These are the #calvaryquestions questions and answers from the 10/15 Calvary University assembly presentation:

This is an excellent point, Rob – men must fulfill their responsibility to lead well in the home, and that is very hard to do without their wife’s support and “enabling.” While the roles and functions in the home are unconditional, they are made much easier and joyful when all involved are approaching things from a Biblical perspective and responding accordingly.

Both. 🙂 But most would say “king.”

Anyone who twists Scripture to serve their own purposes is failing in an important responsibility. Twisting Scripture to dominate someone else is obviously horrible. If a man is demanding that a woman submit to him, then he is doing it wrong (see 1 Peter 3:7). At the same time, while all believers have a responsibility to submit to each other in the fear of Christ (Eph 5:21), wives have an important responsibility to align themselves under the headship of their husbands (e.g., Eph 5:22). At the same time, the husband has the important responsibility of loving his wife in a totally unselfish way, for her wellbeing.

Misunderstanding any verses causes great problems – this is one of the reasons responsible hermeneutics and exegesis are so very important. Biblically, there are times when separating is legitimate (1 Cor 7:12-16, Mt 18:15-17), but any separation should be very well considered. The stakes are high.

We should do good to all, especially believers (Gal 6:10). We should be devoted to one another in brotherly love (Rom 12:10, and we should empathize and have compassion (Rom 12:15). These passages are a few to help us get started in thinking about how we engage with those who are different or have challenges.

Character and personality aren’t necessarily the same thing. The Bible prescribes certain kinds of character, but doesn’t legislate personality. Thankfully we can be who we are, and where our personality is exemplary, we can thank the Lord, and where we need growth, we can thank Him for His grace and…well, grow! As for the silencing part, Ecclesiastes 3:7 explains there is a time for silence and a time to speak. As we try to walk in consideration of one another, we can be sensitive about what time it is.

Calvary already has. Calvary has had several women in our Biblical counseling department, which is part of the seminary. Also, CU requires that the Bible is a primary textbook in every class, that means that our female faculty are teaching the Bible in every class that they teach. It is important to recognize that the Christian university is not the local church (even though we are all part of the church). Having said that, I would not hire a woman to teach an exclusively Biblical class in a pastoral program for example – while there are many capable women, I think it is best to have men leading/teaching and preparing men for pastoral ministry – this is the same principle that keep me from hiring a man to teach a women’s discipleship class – better to have older women teaching younger women, as is patterned in Titus 2:3.

Great question…the best way to go through life is submitted to whatever He has planned. Our lives are not our own (Gal 2:20), and it is good for us to learn that He knows best. Still, sometimes what is best can be very difficult. Still, I am very grateful that He provides the strength we need for those works that He has prepared before hand! Seeing how you are committed to honoring Him, even in the face of challenges, I think you will be OK!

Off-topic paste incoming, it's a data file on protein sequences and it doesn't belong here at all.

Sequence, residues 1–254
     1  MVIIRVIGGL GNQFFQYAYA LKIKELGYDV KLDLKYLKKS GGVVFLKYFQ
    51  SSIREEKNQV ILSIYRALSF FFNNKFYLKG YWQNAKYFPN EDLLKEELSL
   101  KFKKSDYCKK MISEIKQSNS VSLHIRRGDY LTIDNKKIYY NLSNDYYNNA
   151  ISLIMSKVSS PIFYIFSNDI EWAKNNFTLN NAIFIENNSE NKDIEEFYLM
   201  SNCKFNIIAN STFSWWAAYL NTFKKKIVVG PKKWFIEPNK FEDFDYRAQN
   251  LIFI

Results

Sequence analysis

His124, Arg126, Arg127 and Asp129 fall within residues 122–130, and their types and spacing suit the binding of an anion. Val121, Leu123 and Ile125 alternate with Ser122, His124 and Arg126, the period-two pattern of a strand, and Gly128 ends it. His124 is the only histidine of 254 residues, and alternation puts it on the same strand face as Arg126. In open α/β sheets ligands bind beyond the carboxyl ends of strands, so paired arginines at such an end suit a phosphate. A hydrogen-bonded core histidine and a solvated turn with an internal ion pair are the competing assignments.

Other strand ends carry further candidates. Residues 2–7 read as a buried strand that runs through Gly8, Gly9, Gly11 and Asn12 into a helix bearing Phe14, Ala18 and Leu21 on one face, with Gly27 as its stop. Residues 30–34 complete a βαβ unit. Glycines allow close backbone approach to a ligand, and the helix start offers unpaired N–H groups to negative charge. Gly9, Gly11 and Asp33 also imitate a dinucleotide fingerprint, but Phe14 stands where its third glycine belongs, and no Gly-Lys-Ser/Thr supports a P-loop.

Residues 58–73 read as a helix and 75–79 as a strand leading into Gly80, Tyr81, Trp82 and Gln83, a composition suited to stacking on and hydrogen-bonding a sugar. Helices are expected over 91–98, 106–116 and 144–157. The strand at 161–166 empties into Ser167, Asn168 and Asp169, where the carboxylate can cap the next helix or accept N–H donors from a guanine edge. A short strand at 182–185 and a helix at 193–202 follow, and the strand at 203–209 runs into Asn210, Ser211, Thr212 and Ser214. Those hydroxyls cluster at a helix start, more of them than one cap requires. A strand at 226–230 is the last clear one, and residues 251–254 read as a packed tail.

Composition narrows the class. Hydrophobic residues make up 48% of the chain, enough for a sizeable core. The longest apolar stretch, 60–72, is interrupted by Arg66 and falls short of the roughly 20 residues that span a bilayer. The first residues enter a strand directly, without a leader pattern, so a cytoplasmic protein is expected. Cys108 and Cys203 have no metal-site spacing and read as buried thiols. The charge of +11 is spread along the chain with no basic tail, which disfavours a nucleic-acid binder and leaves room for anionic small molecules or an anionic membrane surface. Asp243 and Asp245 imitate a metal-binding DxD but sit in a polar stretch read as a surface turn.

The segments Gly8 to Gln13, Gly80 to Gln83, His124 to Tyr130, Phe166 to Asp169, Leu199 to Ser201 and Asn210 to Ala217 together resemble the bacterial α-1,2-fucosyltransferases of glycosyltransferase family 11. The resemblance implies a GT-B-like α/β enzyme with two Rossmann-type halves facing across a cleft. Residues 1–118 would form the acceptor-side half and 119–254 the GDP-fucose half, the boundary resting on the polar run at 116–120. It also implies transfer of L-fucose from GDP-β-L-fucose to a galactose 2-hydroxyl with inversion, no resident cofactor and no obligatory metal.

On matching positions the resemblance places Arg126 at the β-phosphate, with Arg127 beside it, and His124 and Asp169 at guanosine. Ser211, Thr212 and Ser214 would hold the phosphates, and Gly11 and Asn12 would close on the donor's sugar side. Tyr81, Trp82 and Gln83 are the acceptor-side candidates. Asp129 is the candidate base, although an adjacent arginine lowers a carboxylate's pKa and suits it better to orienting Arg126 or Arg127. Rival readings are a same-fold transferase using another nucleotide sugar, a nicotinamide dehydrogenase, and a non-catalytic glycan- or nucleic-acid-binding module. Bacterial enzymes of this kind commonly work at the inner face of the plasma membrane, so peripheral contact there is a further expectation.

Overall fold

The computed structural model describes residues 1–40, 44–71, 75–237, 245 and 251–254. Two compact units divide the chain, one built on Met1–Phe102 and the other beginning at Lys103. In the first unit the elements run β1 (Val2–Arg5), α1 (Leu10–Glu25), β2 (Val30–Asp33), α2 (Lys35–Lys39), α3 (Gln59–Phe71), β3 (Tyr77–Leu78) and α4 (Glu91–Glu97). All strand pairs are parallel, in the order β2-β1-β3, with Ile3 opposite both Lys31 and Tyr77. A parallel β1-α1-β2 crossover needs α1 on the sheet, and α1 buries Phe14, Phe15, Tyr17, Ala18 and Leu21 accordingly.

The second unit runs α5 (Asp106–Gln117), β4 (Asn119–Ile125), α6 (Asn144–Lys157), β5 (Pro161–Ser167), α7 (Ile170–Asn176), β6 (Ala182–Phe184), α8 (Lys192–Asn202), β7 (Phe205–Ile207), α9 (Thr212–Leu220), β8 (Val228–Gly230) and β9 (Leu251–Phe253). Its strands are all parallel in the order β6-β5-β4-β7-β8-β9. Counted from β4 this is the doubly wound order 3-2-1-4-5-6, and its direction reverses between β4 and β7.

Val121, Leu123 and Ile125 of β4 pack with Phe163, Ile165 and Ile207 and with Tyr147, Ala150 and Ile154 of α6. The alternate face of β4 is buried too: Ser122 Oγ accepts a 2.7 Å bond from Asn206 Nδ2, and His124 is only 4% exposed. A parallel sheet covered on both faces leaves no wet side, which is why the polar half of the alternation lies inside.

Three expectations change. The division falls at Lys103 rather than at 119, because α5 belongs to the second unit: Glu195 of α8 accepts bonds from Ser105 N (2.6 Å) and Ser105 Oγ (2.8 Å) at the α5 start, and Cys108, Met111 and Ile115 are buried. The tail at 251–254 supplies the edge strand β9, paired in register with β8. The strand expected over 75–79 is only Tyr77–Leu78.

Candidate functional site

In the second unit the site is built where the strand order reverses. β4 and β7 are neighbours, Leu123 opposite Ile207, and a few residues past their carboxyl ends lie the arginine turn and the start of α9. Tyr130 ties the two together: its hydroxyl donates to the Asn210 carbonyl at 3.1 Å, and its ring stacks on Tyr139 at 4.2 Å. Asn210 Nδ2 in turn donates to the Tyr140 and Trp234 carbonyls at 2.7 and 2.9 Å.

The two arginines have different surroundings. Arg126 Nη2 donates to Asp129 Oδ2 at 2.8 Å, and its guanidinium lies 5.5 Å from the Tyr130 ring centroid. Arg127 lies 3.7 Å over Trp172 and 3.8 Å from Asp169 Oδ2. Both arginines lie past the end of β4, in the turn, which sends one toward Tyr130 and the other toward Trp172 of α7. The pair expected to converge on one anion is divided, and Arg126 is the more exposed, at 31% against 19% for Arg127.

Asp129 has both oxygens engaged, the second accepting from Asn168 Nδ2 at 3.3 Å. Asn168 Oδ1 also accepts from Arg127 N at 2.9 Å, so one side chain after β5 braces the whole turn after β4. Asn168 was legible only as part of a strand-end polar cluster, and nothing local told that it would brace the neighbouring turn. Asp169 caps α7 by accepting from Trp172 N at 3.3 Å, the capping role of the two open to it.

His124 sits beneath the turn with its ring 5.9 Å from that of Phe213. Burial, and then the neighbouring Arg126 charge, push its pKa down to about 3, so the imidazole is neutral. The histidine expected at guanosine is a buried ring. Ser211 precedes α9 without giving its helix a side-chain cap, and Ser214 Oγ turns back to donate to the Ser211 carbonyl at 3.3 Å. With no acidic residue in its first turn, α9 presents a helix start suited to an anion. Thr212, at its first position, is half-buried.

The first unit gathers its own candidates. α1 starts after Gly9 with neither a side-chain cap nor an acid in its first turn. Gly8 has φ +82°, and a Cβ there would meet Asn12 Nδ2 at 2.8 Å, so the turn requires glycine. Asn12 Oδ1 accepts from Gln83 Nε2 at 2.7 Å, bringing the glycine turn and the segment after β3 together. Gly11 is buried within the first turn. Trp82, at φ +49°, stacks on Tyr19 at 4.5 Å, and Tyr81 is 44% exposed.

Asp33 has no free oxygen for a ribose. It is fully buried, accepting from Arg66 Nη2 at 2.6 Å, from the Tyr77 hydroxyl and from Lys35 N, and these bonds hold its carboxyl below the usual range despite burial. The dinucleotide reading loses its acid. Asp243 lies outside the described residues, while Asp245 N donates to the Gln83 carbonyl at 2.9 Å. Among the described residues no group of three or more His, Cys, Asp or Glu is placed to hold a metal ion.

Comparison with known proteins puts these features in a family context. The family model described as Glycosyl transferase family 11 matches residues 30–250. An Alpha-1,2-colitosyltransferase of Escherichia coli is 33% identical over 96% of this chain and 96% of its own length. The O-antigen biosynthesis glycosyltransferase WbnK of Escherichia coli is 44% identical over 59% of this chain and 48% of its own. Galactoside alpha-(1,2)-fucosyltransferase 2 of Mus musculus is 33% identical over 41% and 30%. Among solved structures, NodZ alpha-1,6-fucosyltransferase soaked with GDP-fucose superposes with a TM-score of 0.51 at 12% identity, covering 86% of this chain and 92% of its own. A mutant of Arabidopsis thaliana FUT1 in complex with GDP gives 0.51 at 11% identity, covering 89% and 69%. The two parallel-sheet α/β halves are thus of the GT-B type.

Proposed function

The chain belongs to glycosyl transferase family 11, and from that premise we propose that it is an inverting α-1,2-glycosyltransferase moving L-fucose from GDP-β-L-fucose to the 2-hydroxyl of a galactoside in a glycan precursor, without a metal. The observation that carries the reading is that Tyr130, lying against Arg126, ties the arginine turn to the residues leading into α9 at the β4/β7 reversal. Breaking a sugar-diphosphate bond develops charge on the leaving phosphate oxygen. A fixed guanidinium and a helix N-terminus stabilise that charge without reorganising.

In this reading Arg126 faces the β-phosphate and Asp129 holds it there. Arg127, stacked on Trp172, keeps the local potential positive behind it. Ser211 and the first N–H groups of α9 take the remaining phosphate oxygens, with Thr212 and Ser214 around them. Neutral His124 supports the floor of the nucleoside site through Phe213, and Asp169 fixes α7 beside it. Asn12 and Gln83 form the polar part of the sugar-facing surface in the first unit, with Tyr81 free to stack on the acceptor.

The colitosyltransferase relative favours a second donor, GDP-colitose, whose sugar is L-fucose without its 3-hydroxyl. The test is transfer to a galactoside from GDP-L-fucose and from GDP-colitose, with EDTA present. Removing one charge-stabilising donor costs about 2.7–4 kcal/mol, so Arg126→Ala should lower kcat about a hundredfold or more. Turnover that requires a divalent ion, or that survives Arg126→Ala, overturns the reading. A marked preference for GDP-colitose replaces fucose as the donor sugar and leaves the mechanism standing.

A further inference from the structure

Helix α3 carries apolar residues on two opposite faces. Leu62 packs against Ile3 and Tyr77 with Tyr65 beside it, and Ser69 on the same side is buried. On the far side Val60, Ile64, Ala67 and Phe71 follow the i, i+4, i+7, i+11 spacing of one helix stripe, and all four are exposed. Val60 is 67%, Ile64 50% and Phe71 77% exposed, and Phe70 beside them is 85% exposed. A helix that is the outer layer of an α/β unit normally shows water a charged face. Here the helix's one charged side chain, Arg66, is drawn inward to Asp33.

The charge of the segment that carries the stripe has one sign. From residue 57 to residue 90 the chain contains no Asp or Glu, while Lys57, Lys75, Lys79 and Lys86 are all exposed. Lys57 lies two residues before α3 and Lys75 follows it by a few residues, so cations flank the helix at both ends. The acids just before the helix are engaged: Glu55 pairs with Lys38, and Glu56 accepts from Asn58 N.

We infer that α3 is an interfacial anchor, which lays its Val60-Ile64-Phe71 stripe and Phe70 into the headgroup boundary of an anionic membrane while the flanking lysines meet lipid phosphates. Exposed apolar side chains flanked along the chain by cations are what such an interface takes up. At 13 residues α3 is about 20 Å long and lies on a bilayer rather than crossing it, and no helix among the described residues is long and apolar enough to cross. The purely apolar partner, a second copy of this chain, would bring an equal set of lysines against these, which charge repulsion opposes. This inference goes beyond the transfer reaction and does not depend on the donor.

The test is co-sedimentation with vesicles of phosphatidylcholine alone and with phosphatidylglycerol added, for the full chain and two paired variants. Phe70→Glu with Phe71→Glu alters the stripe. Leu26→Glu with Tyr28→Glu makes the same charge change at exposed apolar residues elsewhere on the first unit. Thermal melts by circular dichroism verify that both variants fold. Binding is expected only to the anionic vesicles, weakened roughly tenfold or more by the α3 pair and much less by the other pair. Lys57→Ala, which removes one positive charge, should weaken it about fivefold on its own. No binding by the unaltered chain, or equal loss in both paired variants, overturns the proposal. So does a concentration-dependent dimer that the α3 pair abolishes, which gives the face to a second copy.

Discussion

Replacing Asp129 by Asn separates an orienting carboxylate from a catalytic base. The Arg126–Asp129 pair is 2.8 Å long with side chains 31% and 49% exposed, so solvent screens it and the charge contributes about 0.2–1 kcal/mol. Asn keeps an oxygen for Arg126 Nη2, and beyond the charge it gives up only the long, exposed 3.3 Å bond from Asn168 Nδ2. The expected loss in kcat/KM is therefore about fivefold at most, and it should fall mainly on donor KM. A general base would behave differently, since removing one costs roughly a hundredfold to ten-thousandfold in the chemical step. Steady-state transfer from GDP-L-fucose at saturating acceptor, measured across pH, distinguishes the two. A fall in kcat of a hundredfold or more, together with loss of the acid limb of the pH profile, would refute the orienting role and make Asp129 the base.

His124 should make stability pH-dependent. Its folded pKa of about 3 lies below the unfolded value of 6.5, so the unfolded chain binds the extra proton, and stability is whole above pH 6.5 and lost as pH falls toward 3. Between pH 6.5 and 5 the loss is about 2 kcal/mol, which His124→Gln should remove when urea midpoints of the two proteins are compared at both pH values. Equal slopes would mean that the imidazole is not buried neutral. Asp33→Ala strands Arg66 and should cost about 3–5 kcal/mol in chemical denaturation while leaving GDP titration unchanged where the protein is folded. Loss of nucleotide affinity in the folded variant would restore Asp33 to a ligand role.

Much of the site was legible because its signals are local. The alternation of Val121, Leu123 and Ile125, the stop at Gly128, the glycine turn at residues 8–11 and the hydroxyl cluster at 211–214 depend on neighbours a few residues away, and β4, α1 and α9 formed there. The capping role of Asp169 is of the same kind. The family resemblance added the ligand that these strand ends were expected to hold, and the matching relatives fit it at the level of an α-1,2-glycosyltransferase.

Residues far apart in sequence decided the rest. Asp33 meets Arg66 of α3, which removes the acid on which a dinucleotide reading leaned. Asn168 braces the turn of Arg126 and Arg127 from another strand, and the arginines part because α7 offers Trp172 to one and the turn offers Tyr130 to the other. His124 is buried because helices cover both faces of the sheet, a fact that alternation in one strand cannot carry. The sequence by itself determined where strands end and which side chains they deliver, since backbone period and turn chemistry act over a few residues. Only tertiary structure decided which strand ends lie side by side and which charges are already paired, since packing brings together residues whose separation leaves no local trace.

Chuckle. 🙂

Indeed…glad Paul wasn’t writing in English, otherwise we might never know. 😉

The word used in 1 Tim 5:14 is oikodespotein, which means to home-manage, and as illustrated in Proverbs 31:10-31, it involved quite a lot in Hebrew culture, though in the Greek and Roman cultures there was a much lower level of respect for women overall. Paul would have a more Jewish mindset, but at the same time shows a cultural sensitivity to those around him as well. Paul clearly had a lofty view of women and valued God’s design for both men and women in portraying the aspects of His character that He desired to illustrate through them both.

There are many contexts where silence is wise for men and women (Ecc 3:7). I am guessing your question is regarding the two contexts where women are specifically called to be silent. 1 Cor 14:34, which is describing women’s use of the revelatory sign gifts in the context of the church assembly and 1 Tim 2:11-12, which is explained in the context (2:13-15) as being related to the order of creation and designed so that man can fulfill his role also.

In order to teach at CU, all faculty must affirm each year their full and unreserved agreement with the doctrinal statement, so there is basic agreement on doctrinal issues. At the same time there is academic freedom and room for disagreement within the parameters of the doctrinal statement. So yes – you are right, there are some different perspectives among faculty, though all would hold to a basically  complementarian view overall. While we want to be on the same page overall, it is a good thing for us to challenge each other with different perspectives. Iron sharpens iron…

Genesis 1:27-31 is the overall summary, Genesis 2:7-25 describe the specifics of what happened. The two chapters are not sequential (notice the statement beginning 2:4) Good question!

Good questions everyone…looking forward to the next discussion! Let me know if you have more questions…